A few years back, Tokyo became the destination for my very first solo trip. That trip made me fall in love with solo travel, changing me in more ways than one. Where or what really lies the magic of the capital city in Japan? Today, I’ll give you 15 reasons why I think Tokyo is the perfect destination for anyone’s solo trip.
Confession: My first solo trip was not the first time I went Tokyo, but who says you must go to a NEW city for a first solo trip? Read my step-by-step guide for planning for your first solo trip!
Why Tokyo is the Perfect Destination for A Solo Trip
1. Tokyo is simply SO DIFFERENT!
No matter where you come from, Tokyo will be really different from your hometown. I come from a very modern city (Singapore), and even then, visiting Tokyo for the third/fourth/fifth time was still eye-opening in different ways. Tokyo’s madness and the Japanese culture will make your solo trip to the Land of the Rising Sun a very distinct memory.
2. Tokyo is generally a very safe city.
A very important aspect for considering destinations for solo travel is SAFETY, and everyone knows Tokyo is a very safe city. I don’t like to generalize but in Tokyo, at the very least, petty crime is not that prevalent downtown.
Tokyo’s safety, if I may presume, is largely brought about by the integrity standards that the Japanese observes. The citizens also work hard to ensure a safer environment, by making one another responsible together. You might even see small kids taking public transport and walking home on their own.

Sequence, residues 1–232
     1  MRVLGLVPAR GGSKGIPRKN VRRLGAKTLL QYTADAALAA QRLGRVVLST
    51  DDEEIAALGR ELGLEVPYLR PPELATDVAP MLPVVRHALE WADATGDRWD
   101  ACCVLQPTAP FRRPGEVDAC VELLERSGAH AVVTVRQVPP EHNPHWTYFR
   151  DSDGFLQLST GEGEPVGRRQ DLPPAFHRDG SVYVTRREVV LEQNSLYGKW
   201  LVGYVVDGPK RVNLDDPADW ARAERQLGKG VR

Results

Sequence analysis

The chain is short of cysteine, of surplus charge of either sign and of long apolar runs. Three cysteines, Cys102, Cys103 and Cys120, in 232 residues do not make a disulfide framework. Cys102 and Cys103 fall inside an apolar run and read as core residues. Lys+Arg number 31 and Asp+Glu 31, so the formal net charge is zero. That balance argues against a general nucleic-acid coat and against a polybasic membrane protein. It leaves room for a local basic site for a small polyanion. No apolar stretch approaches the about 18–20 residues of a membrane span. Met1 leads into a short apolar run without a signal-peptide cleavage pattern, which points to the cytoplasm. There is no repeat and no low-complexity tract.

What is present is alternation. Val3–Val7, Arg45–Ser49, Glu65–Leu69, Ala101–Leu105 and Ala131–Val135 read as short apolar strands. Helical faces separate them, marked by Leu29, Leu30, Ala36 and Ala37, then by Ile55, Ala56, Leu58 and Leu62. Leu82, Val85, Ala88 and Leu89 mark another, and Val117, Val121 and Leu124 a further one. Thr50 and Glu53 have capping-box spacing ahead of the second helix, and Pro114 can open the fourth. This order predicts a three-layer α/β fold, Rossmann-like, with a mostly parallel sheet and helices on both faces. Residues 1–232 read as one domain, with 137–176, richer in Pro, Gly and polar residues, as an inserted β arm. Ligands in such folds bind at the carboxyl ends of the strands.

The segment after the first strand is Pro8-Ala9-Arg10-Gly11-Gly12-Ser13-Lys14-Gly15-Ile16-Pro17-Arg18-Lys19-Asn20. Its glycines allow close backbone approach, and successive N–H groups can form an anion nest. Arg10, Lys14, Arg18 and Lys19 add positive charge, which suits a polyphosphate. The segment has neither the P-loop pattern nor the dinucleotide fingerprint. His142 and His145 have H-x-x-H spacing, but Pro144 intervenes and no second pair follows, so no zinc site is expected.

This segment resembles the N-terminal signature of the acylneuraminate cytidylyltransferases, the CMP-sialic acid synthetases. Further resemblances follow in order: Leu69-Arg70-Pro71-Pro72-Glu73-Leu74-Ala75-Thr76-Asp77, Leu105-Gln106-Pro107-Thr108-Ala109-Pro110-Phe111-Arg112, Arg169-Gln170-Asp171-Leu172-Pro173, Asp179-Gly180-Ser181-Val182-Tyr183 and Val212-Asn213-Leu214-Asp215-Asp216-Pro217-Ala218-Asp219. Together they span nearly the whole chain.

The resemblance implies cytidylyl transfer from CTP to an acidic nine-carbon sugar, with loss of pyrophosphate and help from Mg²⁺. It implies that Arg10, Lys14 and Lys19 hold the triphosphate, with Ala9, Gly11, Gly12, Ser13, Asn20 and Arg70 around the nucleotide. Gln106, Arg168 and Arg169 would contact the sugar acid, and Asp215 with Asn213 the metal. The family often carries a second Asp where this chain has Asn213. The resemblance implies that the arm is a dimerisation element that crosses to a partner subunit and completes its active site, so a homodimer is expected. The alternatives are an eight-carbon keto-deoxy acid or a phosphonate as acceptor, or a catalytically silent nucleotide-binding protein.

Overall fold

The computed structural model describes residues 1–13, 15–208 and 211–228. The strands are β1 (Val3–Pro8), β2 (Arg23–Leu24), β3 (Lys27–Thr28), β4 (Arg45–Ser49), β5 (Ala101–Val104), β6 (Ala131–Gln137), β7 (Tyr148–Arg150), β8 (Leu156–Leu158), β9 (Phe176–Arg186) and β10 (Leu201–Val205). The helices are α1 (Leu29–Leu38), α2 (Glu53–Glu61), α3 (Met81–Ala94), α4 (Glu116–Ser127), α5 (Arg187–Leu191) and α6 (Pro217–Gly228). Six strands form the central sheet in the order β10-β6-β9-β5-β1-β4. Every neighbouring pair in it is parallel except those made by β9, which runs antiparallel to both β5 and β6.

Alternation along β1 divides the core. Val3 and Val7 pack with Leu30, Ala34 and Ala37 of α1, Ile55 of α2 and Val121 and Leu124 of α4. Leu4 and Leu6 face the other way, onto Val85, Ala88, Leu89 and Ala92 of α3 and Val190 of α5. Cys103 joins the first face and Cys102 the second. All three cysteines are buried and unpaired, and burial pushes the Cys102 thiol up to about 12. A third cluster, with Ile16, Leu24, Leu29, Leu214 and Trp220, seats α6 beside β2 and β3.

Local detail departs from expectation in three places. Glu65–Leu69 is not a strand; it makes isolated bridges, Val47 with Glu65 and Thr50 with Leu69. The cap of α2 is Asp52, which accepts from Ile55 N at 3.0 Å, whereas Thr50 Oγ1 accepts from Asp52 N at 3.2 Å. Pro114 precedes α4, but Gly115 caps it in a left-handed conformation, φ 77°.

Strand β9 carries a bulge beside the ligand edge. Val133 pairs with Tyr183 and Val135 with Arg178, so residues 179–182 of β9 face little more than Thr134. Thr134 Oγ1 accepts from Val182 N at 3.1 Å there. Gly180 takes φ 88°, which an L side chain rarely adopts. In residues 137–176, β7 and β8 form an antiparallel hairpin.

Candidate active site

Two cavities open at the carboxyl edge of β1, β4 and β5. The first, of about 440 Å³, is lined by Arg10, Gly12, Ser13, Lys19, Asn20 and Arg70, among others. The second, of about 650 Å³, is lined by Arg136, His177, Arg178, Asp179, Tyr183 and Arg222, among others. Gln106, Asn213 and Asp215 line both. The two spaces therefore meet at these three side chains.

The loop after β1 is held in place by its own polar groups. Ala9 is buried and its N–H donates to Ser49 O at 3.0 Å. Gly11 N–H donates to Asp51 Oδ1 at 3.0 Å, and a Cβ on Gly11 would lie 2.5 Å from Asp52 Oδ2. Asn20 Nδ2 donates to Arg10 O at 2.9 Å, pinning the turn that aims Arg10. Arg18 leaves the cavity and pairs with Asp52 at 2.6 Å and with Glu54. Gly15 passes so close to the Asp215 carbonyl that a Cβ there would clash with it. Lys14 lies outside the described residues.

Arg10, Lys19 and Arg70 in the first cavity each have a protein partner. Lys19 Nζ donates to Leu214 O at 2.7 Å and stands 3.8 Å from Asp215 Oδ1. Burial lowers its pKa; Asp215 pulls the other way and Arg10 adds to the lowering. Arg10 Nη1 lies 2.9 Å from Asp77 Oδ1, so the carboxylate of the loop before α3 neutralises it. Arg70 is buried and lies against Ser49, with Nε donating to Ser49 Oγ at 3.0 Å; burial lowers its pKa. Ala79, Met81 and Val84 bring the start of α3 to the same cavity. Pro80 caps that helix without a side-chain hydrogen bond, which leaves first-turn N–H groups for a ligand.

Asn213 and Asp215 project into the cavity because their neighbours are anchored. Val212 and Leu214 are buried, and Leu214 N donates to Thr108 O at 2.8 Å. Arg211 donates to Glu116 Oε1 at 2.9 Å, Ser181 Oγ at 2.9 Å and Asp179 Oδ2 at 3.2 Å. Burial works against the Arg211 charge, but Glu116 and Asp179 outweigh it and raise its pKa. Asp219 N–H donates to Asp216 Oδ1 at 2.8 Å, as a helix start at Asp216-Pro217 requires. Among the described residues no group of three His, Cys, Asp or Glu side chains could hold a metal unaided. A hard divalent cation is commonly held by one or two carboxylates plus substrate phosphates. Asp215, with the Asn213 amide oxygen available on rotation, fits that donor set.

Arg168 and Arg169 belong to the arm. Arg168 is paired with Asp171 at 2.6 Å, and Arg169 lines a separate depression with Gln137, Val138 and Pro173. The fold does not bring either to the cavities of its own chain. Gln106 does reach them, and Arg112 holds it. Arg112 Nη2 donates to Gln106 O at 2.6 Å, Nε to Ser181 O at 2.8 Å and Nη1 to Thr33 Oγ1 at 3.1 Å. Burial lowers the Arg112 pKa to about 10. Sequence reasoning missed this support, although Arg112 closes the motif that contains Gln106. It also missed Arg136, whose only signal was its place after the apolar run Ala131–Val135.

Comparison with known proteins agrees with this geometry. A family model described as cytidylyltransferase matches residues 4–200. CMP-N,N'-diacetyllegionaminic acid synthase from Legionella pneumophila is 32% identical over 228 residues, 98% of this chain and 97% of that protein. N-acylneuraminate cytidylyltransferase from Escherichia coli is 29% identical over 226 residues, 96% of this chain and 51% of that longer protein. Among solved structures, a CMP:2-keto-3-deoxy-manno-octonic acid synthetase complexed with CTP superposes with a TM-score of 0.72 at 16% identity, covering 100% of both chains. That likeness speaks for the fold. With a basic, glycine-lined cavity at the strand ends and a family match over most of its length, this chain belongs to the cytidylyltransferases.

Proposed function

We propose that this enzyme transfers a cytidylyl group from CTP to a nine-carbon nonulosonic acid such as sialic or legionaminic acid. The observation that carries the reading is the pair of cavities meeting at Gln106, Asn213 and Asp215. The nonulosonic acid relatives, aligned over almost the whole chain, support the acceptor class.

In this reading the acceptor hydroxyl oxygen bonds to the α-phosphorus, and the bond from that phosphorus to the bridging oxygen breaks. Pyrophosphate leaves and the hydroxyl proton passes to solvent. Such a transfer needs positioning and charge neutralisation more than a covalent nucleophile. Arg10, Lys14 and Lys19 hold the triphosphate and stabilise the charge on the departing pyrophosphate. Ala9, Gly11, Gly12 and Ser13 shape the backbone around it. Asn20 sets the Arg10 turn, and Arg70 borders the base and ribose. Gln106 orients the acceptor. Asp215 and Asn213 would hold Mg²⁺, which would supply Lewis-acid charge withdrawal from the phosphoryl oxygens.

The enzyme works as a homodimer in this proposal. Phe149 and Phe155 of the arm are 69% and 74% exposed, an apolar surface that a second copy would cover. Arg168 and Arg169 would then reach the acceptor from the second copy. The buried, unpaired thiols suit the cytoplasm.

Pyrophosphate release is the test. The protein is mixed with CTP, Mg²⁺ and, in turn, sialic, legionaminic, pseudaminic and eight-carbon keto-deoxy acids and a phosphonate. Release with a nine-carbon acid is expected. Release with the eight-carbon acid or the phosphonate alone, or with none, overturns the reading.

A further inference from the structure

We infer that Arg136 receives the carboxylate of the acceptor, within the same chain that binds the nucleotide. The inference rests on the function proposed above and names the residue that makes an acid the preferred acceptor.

As always, low crime doesn’t mean no crime happens. It’s never a good idea to walk alone late at night at dark, secluded places.
3. Shinjuku Station is crazy and you gotta experience it for yourself.
When I try to briefly explain to people about Shinjuku’s location in relation to nearby hotspots like Harajuku and Shibuya, I use “City Hall MRT Station in Singapore” as an example. However, I’m not sure if anyone can ever visualize it in a befitting way. At Shinjuku Station, there are more than 200 exits. The station serves 3.6 million passengers a day. Shinjuku station is soooOooo huge and sooOooOo deep inside, I was amazed how long it took me to walk to the correct platform to for the train to Kamakura for a day trip. Like, just how BIG is this station actually?
| Check out the places not to be missed in Tokyo for your first visit |
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4. You just need to take the train for your public transport.